Perils of Nyoka was budgeted at $169,296 although the final negative cost was $175,010 (a $5,714, or 3.4%, overspend). It was the most expensive Republic serial of 1942.[1] It was filmed between March 20 and May 2, 1942,[1] with the outdoor action sequences shot primarily at the Iverson Movie Ranch in Chatsworth, Calif. The serial's production number was 1197.[1] The success of the original serial Jungle Girl prompted the sequel, but the studio did not want to pay licensing fees to Burroughs again, so it avoided any repetition of the term "Jungle Girl," to which he had the rights. Instead, "Nyoka," the name of the main character in the first film, was placed in the title of the sequel, because that name was an original creation of Republic's writers, not of Burroughs.[5]



Perils of Nyoka's official release date is 27 June 1942, although this is actually the date the seventh chapter was made available to film exchanges.[1] The serial was re-released on 2 April 1952, under the new title Nyoka and the Tigermen,[6] between the first runs of Radar Men from the Moon and Zombies of the Stratosphere.[1]

A version for French territories was titled KING -KONG CHEZ LES ARABES / KING KONG bij de ARABIEN.


Perils of Nyoka was one of 26 Republic serials re-released as a film on television in 1966. The title of the film was changed to Nyoka and the Lost Secrets of Hippocrates. This version was cut down to 100 minutes in length.[1]

Critical reception

Jim Harmon and Donald F. Glut write that this is probably the best jungle serial ever made and that it "lavished in increased production values."[5] Cline notes that Perils of Nyoka stands out in the memories of the original serial audiences, despite the strong competition of 1942.[2]

Chapter titles

  1. Desert Intrigue (26min 50s)
  2. Death's Chariot (17min 9s)
  3. Devil's Crucible (16min 52s)
  4. Ascending Doom (16min 48s)
  5. Fatal Second (16min 49s)
  6. Human Sacrifice (16min 41s)
  7. Monster's Clutch (16min 47s)
  8. Tuareg Vengeance (16min 44s)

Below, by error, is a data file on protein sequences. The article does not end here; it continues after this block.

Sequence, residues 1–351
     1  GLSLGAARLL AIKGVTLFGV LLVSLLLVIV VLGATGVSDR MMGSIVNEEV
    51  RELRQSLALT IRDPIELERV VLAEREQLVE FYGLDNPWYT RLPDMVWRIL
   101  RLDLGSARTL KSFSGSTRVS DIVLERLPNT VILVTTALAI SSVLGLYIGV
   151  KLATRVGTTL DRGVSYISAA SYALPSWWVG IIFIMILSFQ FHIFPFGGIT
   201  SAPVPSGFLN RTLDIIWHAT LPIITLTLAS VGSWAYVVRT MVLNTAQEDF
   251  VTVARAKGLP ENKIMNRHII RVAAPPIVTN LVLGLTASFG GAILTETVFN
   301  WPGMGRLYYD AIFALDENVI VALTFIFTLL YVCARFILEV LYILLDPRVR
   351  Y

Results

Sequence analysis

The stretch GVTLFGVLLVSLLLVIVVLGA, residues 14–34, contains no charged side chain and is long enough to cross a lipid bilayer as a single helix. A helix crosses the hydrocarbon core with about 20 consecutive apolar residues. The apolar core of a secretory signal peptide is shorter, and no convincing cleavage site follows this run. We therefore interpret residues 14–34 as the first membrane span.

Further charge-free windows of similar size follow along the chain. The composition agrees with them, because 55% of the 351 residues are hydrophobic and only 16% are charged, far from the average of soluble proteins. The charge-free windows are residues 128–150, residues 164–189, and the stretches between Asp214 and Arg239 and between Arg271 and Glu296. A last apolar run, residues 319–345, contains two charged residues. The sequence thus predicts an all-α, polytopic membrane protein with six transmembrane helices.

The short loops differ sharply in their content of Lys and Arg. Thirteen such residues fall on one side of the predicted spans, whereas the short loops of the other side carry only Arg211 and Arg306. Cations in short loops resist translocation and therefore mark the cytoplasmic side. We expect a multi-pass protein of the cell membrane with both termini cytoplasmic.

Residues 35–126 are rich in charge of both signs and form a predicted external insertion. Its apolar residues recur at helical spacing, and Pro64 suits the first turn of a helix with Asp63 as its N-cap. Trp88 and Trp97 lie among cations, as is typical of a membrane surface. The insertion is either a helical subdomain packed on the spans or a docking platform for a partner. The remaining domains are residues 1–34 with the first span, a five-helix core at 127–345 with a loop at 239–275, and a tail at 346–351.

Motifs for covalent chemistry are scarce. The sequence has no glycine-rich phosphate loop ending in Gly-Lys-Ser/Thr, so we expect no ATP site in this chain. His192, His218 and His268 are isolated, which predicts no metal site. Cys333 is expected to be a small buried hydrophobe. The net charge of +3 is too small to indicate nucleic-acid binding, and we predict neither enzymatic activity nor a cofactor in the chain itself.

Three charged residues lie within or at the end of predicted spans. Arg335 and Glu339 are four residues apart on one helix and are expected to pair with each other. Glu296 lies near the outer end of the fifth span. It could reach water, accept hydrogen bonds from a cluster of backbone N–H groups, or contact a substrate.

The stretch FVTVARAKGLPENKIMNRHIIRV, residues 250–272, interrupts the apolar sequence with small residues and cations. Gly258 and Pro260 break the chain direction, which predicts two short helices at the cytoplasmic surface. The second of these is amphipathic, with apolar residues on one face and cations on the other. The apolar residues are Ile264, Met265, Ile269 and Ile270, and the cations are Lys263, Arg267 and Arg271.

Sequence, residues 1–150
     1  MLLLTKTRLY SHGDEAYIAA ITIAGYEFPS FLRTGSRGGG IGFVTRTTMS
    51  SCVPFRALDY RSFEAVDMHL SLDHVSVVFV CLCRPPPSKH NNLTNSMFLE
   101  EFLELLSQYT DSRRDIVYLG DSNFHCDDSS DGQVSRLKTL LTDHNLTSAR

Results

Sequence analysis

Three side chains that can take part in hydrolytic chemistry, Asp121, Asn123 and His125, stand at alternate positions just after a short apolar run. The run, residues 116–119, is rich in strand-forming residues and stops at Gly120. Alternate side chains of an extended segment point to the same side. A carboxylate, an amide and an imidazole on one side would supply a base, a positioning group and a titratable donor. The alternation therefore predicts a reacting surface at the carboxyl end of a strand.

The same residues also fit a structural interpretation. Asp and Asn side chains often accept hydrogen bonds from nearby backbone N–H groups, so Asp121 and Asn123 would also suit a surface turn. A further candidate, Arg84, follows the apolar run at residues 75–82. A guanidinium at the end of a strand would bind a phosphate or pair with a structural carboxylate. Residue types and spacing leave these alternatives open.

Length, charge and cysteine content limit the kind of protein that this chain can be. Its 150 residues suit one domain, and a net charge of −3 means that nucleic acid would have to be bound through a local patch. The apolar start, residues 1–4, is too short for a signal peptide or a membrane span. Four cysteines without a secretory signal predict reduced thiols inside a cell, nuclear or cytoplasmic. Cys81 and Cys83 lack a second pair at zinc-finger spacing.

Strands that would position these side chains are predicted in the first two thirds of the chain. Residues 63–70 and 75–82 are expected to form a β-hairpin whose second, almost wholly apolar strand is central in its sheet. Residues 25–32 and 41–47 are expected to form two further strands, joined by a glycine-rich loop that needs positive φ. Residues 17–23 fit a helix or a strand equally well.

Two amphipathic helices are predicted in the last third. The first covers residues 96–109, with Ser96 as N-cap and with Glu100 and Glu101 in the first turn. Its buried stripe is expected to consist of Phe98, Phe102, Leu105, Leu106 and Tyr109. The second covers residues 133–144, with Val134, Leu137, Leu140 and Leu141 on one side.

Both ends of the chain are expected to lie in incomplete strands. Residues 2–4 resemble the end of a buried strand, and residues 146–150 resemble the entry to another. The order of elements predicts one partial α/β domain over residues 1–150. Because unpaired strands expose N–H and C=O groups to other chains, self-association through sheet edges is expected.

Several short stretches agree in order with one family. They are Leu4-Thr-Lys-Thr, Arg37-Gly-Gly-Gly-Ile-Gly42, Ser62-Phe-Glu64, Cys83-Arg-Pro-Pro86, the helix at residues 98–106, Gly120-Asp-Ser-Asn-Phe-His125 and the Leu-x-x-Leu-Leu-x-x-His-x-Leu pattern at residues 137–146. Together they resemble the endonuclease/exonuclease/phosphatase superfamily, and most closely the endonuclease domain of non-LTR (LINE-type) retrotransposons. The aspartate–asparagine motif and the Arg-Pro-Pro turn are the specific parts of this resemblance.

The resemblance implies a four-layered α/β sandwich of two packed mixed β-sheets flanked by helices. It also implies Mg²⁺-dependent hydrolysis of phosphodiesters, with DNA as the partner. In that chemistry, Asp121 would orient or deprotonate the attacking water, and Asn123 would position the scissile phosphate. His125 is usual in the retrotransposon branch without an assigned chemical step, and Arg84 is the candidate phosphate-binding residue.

9. Buried Alive (16min 41s)
  10. Treacherous Trail (16min 51s)
  11. Unknown Peril (16min 40s)
  12. Underground Tornado (16min 39s)
  13. Thundering Death (16min 43s)
  14. Blazing Barrier (16min 38s)
  15. Satan's Fury (16min 33s)


See also


  1. Mathis, Jack (1995). Valley of the Cliffhangers Supplement. Jack Mathis Advertising. pp. 3, 10, 62–63. ISBN 0-9632878-1-8.
  2. Cline, William C. (1984). "3. The Six Faces of Adventure". In the Nick of Time. McFarland & Company, Inc. p. 37. ISBN 0-7864-0471-X.
  3. Witney, William (2005). In a Door, Into a Fight, Out a Door, Into a Chase: Moviemaking Remembered by the Guy at the Door. McFarland & Company, Inc. ISBN 978-0-7864-2258-6.
  4. Stedman, Raymond William (1971). "5. Shazam and Good-by". Serials: Suspense and Drama By Installment. University of Oklahoma Press. p. 132. ISBN 978-0-8061-0927-5.
  5. Harmon, Jim; Donald F. Glut (1973). "1. The Girls "Who Is That Girl in the Buzz Saw?"". The Great Movie Serials: Their Sound and Fury. Routledge. pp. 12, 14. ISBN 978-0-7130-0097-9.
  6. Mayer, Geoff (2017). Encyclopedia of American Film Serials. McFarland & Company, Inc. p. 299. ISBN 978-0-7864-7762-3.
  7. Cline, William C. (1984). "Filmography". In the Nick of Time. McFarland & Company, Inc. pp. 233–234. ISBN 0-7864-0471-X.
Preceded by
Spy Smasher (1942)
Republic Serial
Perils of Nyoka (1942)
Succeeded by
King of the Mounties (1942)